Brad DeLong notes that McCain's new mortgage plan that he proposed at the debate is a 100 billion giveaway to the "worst-behaving mortgage financiers":
John McCain's New Mortgage Plan Is Worse than I Had Imagined Possibly, Even Given What I Know About John McCain: Douglas Holtz-Eakin says, this morning:
[W]e would in fact be taking the negative equity position and putting it on the taxpayers books instead of putting it on the private lenders books or the homeowners books. We think the balance of risk has shifted to the point where this is the way to go...
What does this mean? It means that John McCain wants to give $100 billion of taxpayers' money to America's worst-behaving mortgage financiers.
Let's back up. For the past month the debate about how to deal with the collapse of the debt-trading portion of America's financial markets has been between two plans: the Paulson plan and the Elmendorf plan:
The Paulson Plan: Have the government buy up distressed securities at market value, thus reducing the supply of high-yield debt securities that the private sector must hold. When you reduce the supply of anything you raise its price. Hence the Paulson plan's $700 billion purchases will push the prices of risky debt securities up, and so companies will then be able to sell their bonds again and so hire more workers, and depression will be averted.
The Elmendorf Plan: Have the government directly invest in and take an equity stake in troubled banks, thus reassuring their depositors and creditors that they are sound. The banks will then be able to profit by buying up distressed securities--hence raising their prices--and by directly lending to companies that will then be able to hire more workers, and depression will be averted.
The argument for the Paulson plan was that the Elmendorf plan was socialism.
The argument for the Elmendorf plan was that it held the promise of doing a much better job of preventing depression, for each dollar committed to the Paulson plan reduces the gap between the demand and supply of distressed securities by only $1, while each dollar invested in a bank is then leveraged 8-to-1 as bank creditors and depositors are then willing to keep more money in the bank and so reduces the gap between the demand and supply of distressed securities by $8. Eight times as much bang for each federal buck, and the Elmendorf plan ensured that the taxpayers were protected to a greater extent: we did not just have the socialization of loss after the privatization of gain, we had the socialization of any gains that might occur if banks' equity values ever recovered.
The argument for passing Paulson-Dodd-Frank was:
- Time is of the essence: something needs to be done right now.
- Paulson-Dodd-Frank has sufficient flexibility that Assistant Secretary Neel Kashkari and his successors can do either Paulson or Elmendorf, at their judgment.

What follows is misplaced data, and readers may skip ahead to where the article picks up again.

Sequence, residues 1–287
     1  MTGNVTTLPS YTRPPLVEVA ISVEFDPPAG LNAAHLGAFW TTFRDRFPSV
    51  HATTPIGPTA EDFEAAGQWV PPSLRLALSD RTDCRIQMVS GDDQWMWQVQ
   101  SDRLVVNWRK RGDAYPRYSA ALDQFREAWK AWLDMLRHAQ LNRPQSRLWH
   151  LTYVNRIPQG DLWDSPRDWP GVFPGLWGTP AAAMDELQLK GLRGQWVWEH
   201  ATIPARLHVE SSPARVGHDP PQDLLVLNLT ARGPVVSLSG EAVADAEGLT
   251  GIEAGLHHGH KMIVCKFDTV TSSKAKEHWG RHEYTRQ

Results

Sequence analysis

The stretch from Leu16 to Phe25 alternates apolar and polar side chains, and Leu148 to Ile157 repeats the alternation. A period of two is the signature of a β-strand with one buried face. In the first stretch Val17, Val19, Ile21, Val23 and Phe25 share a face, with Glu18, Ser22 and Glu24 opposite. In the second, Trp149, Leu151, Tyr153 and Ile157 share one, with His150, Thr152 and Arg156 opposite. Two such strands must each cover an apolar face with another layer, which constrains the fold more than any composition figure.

- The logic of the situation will over time drive Kashkari and his successors toward an Elmendorf-like solution as he deals in the markets.
Now comes John McCain with something worse than Paulson:
Ben Smith's Blog: Moral hazard: Moral hazard My colleague Victoria McGrane, late of our Capitol Hill bureau, emails with the most lucid explanation I've seen of what McCain did last night. The crucial shift from a recent congressional housing bill to McCain's more dramatic plan, she writes, was a move away from concern about moral hazard:
Details provided to reporters by senior adviser Doug Holtz-Eakin Wednesday morning make one thing clear: Taxpayers would directly pick up the tab for the difference in cost between a homeowner’s old, too-expensive mortgage and the cheaper one provided by the government... something that congressional lawmakers, led by House Financial Services Chairman Barney Frank (D-Mass.) specifically avoided when they crafted their own landmark housing bill, which passed in late August and took effect Oct. 1.
Congress’ bill – which Holtz-Eakin says provides at least part of the authority McCain would need to carry out his plan – provided a $300 billion program to help distressed borrowers refinance into cheaper Federal Housing Authority mortgages. But to participate, lenders and mortgage investors would have to reduce the mortgage principal...
Not so McCain's plan. McCain's plan is for the government to buy up $300 billion of distressed mortgages not at current market value but at full face value:
“Clearly we face the trade off that we would in fact be taking the negative equity position and putting it on the taxpayers books instead of putting it on the private lenders books or the homeowners books,” Holtz-Eakin told Politico. “We think the balance of risk has shifted to the point where this is the way to go.”
The McCain plan is:
- Take $300 billion.
- Pay double current market value to banks that have troubled mortgages on their books, thus:
- Give a present of $100 billion to the bankers who made the loans.
- Acquire and regularize the mortgages of only two-thirds as many homeowners as could have been accomplished if the $300 billion were invested wisely.
There's a big difference here: Democrats want to prevent depression and support the financial markets by investing taxpayer money in banks with troubled assets. Republicans want to give taxpayers money away to the shareholders and managers of banks with troubled assets.
I would say that this is unbelievable, but I do believe it.